Japan has been slower than many other industrialized countries to adopt smartphones, in large part because their feature phones were already suited with fairly dynamic web capabilities. But as smartphones have become more advanced, many in the country are finally switching over. eMarketer estimates that the number of residents taking up the devices is increasing quickly, rising from 27.7% penetration in 2012 to 41.7% in 2013. That figure is projected to jump again to 60.2% in 2014.
Japanese advertising and PR firm Hakuhodo surveyed internet users in Japan in June 2013 and found a smartphone penetration rate of 46.1% among the online population.
While ownership rates were about evenly split between males and females, at 45.4% and 46.7%, respectively, penetration was significantly higher among younger populations. More than three-quarters of internet users ages 15 to 19 owned a smartphone, as did more than seven in 10 of those between 20 to 29 years old. Even among internet users between 60 and 69 years old, smartphone ownership was close to one in five.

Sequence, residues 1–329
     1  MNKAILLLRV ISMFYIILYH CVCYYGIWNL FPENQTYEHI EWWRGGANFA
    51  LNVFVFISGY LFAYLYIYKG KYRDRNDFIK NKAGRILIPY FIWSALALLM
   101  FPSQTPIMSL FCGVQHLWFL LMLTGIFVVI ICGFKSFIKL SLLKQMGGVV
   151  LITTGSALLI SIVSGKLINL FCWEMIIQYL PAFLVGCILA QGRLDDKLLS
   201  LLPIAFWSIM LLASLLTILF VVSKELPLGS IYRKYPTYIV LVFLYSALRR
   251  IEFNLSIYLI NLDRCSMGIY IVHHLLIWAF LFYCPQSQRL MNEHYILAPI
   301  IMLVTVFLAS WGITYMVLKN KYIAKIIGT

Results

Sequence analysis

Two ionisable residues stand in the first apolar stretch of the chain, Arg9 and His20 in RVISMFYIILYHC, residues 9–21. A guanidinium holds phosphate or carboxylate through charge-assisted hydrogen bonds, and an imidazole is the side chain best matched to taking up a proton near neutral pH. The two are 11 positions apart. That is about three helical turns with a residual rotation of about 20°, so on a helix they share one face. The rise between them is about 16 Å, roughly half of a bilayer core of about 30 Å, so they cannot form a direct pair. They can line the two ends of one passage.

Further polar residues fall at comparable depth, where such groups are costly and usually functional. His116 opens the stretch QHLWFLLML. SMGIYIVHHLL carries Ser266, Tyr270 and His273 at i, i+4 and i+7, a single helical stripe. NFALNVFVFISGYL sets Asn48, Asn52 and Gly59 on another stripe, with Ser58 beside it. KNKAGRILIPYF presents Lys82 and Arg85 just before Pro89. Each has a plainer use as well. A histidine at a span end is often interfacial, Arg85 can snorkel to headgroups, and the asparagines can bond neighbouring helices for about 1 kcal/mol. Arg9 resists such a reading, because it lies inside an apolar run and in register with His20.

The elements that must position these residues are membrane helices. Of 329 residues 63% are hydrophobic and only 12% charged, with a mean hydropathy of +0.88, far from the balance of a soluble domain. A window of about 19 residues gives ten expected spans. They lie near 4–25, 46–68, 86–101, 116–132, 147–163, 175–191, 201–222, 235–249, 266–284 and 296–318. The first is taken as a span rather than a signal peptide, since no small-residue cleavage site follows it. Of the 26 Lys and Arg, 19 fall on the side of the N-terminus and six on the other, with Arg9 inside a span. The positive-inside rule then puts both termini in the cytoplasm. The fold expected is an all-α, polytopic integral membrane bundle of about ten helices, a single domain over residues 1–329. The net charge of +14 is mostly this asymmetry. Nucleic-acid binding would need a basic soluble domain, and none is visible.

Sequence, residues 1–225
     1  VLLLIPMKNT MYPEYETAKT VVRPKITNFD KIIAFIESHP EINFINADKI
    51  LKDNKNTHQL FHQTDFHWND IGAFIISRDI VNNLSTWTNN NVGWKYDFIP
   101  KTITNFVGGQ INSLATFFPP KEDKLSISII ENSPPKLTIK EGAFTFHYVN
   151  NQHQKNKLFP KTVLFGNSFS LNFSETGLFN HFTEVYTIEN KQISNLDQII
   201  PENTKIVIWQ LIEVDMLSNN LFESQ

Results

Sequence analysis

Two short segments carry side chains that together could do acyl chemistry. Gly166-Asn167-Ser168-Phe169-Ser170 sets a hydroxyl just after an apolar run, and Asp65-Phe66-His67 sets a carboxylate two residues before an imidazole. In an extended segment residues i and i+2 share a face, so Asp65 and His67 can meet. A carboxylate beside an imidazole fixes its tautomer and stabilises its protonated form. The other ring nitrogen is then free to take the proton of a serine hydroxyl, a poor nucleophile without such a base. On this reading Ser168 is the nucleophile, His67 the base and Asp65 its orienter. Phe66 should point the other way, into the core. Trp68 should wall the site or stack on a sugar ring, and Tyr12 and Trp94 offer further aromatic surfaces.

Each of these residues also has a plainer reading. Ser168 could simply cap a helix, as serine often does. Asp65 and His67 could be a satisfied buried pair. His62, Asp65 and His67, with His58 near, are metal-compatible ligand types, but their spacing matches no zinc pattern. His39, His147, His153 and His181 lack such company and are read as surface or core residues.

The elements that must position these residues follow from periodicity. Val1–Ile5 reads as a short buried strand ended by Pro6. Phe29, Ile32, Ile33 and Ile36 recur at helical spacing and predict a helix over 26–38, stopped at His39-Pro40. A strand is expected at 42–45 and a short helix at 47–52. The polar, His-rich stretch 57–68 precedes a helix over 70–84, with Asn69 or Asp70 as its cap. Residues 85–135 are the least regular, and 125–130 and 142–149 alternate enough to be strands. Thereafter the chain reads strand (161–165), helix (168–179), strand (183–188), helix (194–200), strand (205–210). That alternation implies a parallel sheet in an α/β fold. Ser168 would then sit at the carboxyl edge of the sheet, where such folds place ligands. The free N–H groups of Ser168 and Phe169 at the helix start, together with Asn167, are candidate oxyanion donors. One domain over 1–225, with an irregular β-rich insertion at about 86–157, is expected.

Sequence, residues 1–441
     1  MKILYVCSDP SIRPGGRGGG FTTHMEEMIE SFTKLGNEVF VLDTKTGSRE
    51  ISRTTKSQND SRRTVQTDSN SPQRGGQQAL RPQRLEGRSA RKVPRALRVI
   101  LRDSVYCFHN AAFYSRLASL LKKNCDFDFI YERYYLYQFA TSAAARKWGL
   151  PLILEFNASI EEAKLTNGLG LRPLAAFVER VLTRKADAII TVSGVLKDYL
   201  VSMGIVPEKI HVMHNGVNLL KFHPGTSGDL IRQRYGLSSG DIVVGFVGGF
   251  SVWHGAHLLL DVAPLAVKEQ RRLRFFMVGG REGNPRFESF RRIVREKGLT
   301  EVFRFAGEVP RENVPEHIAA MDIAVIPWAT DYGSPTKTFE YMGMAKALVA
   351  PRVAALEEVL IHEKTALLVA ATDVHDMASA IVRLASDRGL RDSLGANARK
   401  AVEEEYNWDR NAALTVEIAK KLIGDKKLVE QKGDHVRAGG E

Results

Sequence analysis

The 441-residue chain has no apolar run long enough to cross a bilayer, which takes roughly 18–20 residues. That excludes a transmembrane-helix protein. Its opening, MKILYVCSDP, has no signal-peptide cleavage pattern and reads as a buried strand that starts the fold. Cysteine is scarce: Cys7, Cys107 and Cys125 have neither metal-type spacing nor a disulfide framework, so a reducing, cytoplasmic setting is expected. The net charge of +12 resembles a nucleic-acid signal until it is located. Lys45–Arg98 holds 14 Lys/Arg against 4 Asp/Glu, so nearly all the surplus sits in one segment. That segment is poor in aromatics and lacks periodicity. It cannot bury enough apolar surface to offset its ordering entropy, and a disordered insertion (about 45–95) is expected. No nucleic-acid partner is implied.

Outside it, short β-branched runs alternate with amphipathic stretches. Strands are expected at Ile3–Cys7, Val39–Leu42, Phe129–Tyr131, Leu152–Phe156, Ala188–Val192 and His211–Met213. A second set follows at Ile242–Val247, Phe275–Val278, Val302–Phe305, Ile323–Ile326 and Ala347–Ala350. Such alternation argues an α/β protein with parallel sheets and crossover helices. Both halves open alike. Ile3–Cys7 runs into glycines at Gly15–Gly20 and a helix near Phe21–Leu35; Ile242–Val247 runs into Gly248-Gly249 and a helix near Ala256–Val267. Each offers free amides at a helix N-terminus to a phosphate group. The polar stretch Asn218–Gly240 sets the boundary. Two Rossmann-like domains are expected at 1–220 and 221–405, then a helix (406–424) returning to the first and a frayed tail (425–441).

Younger smartphone users were more likely than their older counterparts to rely exclusively on their devices to access social networks. While 40.1% of respondents ages 15 to 19 only accessed social media via their smartphone, that figure dropped to 33.9% for those ages 20 to 29, and then fell to 16.1% among those ages 30 to 39.
Apple’s iPhone appears to be getting the majority of attention from feature phone users looking to upgrade, according to a June 2013 survey of feature phone owners conducted by Japan’s Mobile Marketing Data Lab. The poll found that 56.4% named the iPhone as their preferred smartphone brand. Sharp’s Aquos product line was in second, followed by Samsung’s Galaxy line of phones.